It’s my first column of 2023. For a futurist this means one thing, looking forward to the year ahead, attempting some prognostics without necessarily trying to be predictive. Yes, that’s right: we cannot predict the future but we can imagine what might be coming our way or reflect on the potential impacts. For example: based on statistics, historical data and punditry, Brazil was widely expected to win the Qatar World Cup, and yet …
So, what might we see in 2023?
This year could be a make-or-break year for Meta. The company has invested billions to develop metaverse-related software and infrastructure. Much of that has yet to pay off, but other companies are also investing in hardware such as VR headsets and more. Part of the reason for the sustained investment is that there are masses of gamers: more than 3.7 billion globally, and growing.
Immersive experiences and advertising in this space is expected to reach over $780 billion by 2024, according to research by the management consultants PricewaterhouseCoopers. That figure might well reach an eye-watering $13 trillion by 2030. Yet, remember how Brazil was meant to win the World Cup? Well, much of this huge revenue in the metaverse comes from advertisement – that age-old and not very innovative way of indirectly paying for a service. Well, the coming years will also probably see marketers pull out of the advertising space because users find advertisement invasive and unhelpful – plus, increasingly countries are passing privacy laws that could restrict advertisement opportunities. Taking these outlooks together, Meta will need to be supremely creative and disrupting itself to find ways to create value from/in the new digital space beyond the historical business models the company has been relying on.
Crypto – is the end in sight or will there be a rebirth? There is no denying that these digital assets have taken a beating, not least because of lack of regulation and generally poor risk management of exchanges. Throughout much of the Covid-19 pandemic, the principal cryptocurrencies have returned profits to investors. Then much of the house of cards has come crashing down, causing an inevitable price correction and some widespread pain. Is this the equivalent of the dotcom bubble?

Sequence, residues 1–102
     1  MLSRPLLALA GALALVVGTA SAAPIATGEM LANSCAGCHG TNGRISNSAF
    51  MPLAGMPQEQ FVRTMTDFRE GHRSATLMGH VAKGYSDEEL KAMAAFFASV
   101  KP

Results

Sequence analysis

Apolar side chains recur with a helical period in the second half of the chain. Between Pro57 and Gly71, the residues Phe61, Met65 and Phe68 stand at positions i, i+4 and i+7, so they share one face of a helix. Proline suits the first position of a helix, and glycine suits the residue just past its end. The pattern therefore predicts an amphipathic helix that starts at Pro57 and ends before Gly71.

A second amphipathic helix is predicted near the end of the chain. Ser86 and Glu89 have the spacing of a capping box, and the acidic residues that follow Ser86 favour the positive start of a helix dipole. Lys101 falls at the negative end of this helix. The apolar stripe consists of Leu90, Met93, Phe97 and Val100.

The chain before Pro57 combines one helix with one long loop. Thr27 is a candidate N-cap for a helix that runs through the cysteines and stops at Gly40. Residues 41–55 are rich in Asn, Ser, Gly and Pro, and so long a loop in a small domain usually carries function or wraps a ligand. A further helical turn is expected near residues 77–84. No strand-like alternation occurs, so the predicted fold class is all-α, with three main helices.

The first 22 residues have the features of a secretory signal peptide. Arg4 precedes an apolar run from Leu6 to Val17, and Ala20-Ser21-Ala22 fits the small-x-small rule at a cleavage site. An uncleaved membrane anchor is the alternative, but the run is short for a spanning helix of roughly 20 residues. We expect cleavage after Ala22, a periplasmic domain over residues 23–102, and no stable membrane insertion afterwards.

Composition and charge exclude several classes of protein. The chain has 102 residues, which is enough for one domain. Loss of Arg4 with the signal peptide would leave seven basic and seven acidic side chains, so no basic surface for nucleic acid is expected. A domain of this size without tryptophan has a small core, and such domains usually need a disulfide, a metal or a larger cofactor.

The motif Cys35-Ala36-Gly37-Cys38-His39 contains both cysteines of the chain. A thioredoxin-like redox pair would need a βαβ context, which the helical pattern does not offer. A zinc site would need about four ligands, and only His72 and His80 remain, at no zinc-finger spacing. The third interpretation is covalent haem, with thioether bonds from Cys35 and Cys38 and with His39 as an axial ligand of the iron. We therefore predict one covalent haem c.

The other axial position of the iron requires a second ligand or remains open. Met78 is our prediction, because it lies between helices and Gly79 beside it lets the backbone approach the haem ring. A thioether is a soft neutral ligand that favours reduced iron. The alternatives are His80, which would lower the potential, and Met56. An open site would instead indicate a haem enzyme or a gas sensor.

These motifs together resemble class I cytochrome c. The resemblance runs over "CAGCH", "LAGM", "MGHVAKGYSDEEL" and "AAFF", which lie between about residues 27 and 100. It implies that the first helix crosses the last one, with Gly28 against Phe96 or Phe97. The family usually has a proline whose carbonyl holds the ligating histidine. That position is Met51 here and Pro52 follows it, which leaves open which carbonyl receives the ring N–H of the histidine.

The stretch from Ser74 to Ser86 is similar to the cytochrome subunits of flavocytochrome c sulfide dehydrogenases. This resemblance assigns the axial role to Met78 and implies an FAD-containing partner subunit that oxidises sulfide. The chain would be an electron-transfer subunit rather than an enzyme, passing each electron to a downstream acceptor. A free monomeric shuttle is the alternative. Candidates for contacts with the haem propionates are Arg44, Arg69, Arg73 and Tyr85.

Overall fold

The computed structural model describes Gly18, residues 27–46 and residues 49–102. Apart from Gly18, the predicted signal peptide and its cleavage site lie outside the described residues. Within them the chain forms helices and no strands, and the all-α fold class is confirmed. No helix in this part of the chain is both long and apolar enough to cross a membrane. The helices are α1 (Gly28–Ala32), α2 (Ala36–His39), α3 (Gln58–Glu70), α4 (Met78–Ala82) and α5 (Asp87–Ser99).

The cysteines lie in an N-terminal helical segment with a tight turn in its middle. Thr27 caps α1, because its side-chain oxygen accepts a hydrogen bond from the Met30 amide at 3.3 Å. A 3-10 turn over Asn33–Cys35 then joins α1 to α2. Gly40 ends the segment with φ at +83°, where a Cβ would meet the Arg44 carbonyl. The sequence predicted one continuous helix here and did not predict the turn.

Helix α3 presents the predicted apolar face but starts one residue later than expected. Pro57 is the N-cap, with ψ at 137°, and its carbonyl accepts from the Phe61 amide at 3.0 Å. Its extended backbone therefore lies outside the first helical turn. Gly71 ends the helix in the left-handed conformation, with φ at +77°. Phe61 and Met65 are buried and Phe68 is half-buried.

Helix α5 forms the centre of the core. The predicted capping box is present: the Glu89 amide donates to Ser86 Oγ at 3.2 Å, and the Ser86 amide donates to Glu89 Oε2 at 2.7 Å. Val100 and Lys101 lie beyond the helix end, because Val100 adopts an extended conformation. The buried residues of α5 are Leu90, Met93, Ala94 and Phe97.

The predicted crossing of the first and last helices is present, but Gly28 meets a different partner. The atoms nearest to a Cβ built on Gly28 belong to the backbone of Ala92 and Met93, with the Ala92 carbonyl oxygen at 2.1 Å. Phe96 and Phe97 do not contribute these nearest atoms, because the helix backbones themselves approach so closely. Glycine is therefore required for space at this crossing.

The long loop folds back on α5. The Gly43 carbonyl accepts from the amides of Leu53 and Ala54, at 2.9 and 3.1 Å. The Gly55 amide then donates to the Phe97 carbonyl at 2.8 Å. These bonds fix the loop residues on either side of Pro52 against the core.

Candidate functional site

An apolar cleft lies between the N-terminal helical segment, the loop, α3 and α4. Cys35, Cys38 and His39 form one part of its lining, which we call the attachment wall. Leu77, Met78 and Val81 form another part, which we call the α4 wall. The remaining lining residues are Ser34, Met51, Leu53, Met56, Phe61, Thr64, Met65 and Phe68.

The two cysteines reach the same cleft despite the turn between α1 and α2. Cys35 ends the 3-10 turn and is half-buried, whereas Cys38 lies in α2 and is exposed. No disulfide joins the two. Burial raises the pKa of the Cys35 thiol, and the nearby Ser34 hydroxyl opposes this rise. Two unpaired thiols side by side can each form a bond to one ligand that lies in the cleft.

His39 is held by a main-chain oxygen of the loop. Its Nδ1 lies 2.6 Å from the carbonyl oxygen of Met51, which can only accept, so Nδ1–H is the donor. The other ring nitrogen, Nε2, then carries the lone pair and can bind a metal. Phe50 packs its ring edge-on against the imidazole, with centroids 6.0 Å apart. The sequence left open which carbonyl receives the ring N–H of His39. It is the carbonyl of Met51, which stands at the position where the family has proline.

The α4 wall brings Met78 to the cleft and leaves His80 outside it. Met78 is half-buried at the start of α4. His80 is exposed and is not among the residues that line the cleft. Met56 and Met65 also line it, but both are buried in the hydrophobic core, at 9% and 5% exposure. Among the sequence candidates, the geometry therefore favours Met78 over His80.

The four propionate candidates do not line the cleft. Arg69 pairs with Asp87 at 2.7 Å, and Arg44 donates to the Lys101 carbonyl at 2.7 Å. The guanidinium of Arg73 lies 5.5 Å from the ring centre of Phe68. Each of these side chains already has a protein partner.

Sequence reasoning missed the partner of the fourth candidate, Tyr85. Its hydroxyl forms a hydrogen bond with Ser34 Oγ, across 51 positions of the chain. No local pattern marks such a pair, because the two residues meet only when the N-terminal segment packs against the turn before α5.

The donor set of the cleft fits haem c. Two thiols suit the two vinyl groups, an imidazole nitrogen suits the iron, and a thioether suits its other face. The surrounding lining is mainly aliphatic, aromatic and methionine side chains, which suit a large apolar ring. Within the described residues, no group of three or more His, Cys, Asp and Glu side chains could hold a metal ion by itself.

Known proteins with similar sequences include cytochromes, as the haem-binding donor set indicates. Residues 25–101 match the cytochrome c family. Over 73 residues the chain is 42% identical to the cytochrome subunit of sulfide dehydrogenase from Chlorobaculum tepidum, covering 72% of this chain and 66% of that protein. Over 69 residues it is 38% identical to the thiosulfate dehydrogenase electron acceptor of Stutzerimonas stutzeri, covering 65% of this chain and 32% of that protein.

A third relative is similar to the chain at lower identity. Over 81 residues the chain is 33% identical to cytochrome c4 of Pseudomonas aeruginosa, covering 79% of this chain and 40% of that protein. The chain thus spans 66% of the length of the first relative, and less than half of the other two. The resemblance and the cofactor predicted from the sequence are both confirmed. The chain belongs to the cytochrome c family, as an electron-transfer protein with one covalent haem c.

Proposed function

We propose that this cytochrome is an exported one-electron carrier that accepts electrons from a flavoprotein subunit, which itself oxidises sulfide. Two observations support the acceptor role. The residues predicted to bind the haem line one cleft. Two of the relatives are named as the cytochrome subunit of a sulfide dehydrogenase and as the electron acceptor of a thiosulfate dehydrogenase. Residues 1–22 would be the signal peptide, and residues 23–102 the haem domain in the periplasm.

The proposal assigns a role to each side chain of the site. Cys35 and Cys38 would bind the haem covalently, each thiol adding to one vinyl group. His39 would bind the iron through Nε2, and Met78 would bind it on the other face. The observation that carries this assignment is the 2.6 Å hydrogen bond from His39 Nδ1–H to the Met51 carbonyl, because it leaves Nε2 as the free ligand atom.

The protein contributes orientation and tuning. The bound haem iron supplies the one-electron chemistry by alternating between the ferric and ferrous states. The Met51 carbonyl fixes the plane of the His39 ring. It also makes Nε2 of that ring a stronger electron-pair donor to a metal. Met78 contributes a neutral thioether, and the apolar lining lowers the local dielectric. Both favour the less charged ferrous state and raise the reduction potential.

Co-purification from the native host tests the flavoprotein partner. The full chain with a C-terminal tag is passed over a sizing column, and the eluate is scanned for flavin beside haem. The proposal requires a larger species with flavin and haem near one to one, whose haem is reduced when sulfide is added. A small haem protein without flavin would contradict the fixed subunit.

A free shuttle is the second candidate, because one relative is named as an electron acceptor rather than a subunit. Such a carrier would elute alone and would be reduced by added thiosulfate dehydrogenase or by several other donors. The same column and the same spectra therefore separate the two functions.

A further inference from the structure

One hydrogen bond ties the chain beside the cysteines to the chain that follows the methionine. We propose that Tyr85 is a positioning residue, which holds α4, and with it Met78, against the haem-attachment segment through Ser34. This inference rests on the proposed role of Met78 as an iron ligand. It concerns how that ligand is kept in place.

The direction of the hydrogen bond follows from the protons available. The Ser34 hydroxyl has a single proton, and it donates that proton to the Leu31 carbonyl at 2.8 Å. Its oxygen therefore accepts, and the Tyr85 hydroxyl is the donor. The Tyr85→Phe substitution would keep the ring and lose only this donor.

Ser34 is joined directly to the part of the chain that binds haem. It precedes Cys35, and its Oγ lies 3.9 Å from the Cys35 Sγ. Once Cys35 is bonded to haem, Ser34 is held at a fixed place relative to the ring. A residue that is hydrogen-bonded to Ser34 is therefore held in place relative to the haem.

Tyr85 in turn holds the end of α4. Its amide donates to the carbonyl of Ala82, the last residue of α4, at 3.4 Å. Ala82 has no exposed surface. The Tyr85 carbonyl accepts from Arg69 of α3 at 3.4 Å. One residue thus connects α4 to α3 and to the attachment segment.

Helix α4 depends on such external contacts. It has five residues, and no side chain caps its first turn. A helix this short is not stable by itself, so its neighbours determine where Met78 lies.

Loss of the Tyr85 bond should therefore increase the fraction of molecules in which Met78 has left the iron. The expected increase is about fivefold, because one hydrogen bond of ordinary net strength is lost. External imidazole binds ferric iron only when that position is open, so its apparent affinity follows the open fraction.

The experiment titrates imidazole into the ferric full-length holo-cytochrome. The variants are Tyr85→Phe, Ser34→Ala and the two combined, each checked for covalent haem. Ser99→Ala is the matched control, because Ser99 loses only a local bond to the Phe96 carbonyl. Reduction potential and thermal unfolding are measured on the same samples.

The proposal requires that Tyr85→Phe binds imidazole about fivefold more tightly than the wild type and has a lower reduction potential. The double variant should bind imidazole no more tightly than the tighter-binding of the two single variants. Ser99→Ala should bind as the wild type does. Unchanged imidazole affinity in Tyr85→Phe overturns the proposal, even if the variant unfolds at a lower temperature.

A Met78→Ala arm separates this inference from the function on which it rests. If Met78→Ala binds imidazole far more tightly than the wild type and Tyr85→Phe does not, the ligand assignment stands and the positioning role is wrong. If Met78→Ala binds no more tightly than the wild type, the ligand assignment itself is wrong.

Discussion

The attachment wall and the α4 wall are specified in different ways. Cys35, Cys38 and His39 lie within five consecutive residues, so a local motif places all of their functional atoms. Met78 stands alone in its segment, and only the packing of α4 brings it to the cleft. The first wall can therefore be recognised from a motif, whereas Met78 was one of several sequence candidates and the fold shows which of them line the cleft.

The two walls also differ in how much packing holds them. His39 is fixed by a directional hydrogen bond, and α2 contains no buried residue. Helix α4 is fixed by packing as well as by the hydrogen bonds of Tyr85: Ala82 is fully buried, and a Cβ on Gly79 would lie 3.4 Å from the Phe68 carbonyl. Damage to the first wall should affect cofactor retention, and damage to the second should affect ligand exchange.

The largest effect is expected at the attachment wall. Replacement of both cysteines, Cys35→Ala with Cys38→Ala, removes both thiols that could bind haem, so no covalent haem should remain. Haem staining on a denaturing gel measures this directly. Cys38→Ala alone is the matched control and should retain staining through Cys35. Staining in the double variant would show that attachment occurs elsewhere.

In the year 2000, the market corrected the exuberant prices of company stocks that had yet to turn a profit. Of course, it was too early to write off these internet companies as a whole and the likes of Google, Amazon and eBay have emerged as winners from the ashes. The question for 2023 will be whether cryptocurrencies or their new incarnations will define a reason to exist in the mainstream beyond speculation. New purposes might well emerge, but if they don’t, these currencies and their investors could well stare into the abyss.
Chat with a bot – who is on the other end of the line? In time for the holidays, many clever AI systems are now available to help writing compelling season’s greeting cards. Suddenly, children will send articulate thank-you notes to generous grandparents. And businesses might use their Enterprise Resource Planning system to send heartfelt personalised messages to each and every last one of their employees, suppliers, customers and relatives. Such is the world we could inhabit: words become as cheap as fortune cookie messages, yet eloquent and plentiful. So, how will we know if that love letter is truly a message from the heart or a bot that has extracted meaning from Shakespeare, the Beatles and many others? Will it matter? The world needs to be ready to react to receiving apparently intelligent automated text. And, importantly, those who need to be even more ready to the consequences are the authors who would have penned those words but are now written out of the equation.
Finally, despite the relentless advance of technology, we are human after all, and next year, like the years past, we will define ourselves by how we relate to each other individually and as societies. It’s really about whether our species advances as a whole, and specifically whether the people with the least opportunity are given a chance. The pressures have been mounting: whether it’s inflation, conflict, migration, disease, unemployment, exclusion, our societies are only as strong as our weakest members.
It is unreasonable to think or expect that all challenges will suddenly be resolved or disappear with the start of a new year. But each new year, like every new day, provides an opportunity to shape a better future for all.
In Dubai, and the UAE, this is like a mantra – imagining, designing and executing the future. And at the Dubai Future Foundation, we are developing the principles that will allow us to achieve this consistently. One of the first and most important principles is to envision futures that reflect the values we say we believe in. So, for 2023 and beyond, I can imagine that with collective effort and appreciation for society’s differences, it’s up to us to create the conditions to achieve a more human future. This is eminently possible and entirely independent of access to technology.
So, get on with it – don’t ask chatGPT to help you with that.